Victoria is a different kind of heist movie. It’s an utterly singular film memorable for its singular device. Which is, a singular take. Consisting of one unbroken 140-minute shot, Sebastian Schipper’s film is a work of balletic choreography, a cinematic high-wire act whose logistics are a constant marvel. It introduces us to its titular character (Laia Costa) in the strobing throb of a late-night Berlin techno dive. She encounters a crew of drunken German dudes (Frederick Lau, Franz Rogowski, Burak Yigit, Max Mauff), and they wander through the empty streets, enacting wasted hijinks. There’s a macho aggressiveness amongst the men, but Costa is clearly unafraid, independent, feisty; she’s just as happy to break the rules of polite society as they.

Without an edit, these rambling sequences have a sense of vérité, and, for the first 45 minutes, what we essentially have is a portrait of drunken bonding. By investing so much time in the humanity of the picture —in presenting characters acting naturally in recognisable situation— Schipper fashions an emotional core that will pay-off, heartily, once the tropes of genre arrive.

When they do, they seem small-scale, low-stakes; the guys merely asking Costa if she’ll drive them for a ‘job’. But, oh, how it’s the start of a slippery slope; the film having the slow, steady descent of a noir-movie, its lead character, once she takes her first tentative step over to the dark side, soon sinking in moral quicksand, unable to escape a scenario growing worse with each passing minute.

In contrast, as the camera keeps rolling the sun starts to come up, bringing great visual/symbolic clarity to what, exactly, Costa has got herself into. It’s a sublime piece of scheduling, natural light essentially playing an active role in the film; this likely the only heist-movie that could be compared to Carlos Reygadas’s spiritualist long-takes in Silent Light. That you notice the light and the logistics doesn’t detract from the film; in fact, it only adds to it. Victoria doesn’t succeed at twin tasks —as technical feat and genre movie— but brings them together, blurring the line between production and drama with a genuine sense of theatre.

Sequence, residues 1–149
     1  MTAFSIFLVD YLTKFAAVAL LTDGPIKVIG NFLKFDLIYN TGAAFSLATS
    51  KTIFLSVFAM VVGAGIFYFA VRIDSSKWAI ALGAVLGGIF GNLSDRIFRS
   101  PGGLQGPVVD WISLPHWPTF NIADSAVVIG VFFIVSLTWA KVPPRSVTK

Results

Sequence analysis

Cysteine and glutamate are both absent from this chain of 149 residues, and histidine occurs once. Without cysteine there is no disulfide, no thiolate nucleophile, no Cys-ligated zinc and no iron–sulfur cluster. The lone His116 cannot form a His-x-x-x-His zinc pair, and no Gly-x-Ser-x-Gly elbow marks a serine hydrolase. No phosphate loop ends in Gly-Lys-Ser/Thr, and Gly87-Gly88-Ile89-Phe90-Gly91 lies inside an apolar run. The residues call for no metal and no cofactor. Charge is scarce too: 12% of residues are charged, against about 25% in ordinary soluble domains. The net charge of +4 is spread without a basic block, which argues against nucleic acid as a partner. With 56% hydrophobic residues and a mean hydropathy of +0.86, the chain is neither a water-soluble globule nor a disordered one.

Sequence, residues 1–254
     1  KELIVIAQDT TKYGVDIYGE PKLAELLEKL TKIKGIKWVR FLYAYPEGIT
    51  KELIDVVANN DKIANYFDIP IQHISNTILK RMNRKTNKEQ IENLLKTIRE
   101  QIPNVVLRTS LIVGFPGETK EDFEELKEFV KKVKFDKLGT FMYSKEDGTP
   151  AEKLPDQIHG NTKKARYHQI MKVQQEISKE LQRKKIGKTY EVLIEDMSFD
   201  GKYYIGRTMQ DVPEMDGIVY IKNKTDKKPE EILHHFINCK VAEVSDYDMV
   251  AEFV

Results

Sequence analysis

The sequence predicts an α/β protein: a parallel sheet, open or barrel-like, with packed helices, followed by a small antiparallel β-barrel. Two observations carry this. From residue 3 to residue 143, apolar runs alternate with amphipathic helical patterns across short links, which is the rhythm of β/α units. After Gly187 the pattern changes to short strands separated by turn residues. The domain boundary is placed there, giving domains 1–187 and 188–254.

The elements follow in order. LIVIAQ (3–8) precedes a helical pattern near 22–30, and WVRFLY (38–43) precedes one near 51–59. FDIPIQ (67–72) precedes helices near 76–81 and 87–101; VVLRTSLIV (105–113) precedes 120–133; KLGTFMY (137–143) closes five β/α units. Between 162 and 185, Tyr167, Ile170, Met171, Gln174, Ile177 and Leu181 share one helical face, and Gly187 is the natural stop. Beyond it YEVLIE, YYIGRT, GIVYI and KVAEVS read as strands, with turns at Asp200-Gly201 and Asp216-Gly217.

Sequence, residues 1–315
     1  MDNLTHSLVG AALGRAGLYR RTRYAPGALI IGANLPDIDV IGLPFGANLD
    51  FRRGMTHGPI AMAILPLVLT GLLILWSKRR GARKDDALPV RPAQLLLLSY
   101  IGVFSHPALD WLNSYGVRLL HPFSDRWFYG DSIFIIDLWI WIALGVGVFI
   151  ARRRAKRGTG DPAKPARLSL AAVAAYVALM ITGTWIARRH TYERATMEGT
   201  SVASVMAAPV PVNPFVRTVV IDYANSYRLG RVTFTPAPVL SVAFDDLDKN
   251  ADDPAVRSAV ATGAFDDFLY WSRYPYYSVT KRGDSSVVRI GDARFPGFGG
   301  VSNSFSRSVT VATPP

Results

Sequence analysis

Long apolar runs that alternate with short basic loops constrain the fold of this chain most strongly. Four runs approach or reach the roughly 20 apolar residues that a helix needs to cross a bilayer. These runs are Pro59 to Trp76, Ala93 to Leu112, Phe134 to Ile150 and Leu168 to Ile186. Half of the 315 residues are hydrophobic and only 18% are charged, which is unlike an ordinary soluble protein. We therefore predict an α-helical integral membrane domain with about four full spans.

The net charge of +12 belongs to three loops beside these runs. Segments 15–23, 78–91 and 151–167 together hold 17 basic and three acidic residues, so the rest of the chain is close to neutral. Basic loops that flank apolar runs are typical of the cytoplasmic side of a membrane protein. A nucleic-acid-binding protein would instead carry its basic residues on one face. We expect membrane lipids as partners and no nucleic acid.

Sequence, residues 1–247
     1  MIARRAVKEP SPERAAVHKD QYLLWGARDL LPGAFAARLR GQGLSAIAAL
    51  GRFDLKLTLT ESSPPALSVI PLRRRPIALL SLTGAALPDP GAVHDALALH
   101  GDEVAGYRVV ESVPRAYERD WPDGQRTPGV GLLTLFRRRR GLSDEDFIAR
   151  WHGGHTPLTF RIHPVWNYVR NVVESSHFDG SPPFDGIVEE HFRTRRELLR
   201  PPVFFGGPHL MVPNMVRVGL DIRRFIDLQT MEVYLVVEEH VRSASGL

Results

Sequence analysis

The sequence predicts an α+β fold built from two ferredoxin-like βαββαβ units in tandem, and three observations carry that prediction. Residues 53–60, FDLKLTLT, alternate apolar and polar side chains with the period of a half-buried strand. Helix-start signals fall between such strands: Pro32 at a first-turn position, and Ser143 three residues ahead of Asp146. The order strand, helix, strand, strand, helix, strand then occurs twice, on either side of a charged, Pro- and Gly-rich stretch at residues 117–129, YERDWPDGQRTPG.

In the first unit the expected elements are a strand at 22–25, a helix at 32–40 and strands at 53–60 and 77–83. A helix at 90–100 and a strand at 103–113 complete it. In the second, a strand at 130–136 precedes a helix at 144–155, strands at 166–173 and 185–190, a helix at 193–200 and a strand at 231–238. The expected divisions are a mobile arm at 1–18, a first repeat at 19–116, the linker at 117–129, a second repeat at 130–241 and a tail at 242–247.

Mamoru Hosoda was the director behind two of the greatest anime films —hell, two of the greatest films— of the ’00s: 2006’s heartaching, time-hopping teen romance The Girl Who Leapt Through Time, and 2009’s bonkers, world-shifting meta-narrative Summer Wars (and then came 2012’s secretly-profound Wolf Children, which is a whole other story). His latest film, The Boy And The Beast, initially seems like it’s going to be a minor work, especially in comparison. It finds an angry nine-year-old runaway disappearing down a rabbit-hole into a mythical kingdom of anthropomorphised beast-men. There, he becomes the disciple of a kendo master fighting to be named lord of the land; and, lo, training montages and martial-arts moves and building-toward-a-big-showdown ensue.

But then comes one of Hosoda’s signatures: a profound passing-of-time sequence, in which a sparring fight on a hillside —animated sunlight bleeding into lens— between master and pupil finds years passing in the blink of a sun-blinded eye. And, in turn, The Boy And The Beast changes, and grows, with it. Its lead tyke is now 17 years old, yearning to return to the human world; to know more beyond sparring. When he returns to Tokyo, the film becomes a coming-of-age romance; and the re-establishing of this second world —and the emotional weight of it— multiplies the possibility and potential for the film. In its final act, it bounces between the twin worlds, then brings them together. When the eventual showdown comes, it’s unexpected, and amazingly-animated: the spectral energies of fantasy colliding with realist depictions of modern-day Shibuya in a spectacle that reminds you that Hosoda’s ‘visionary’ status is well-earned.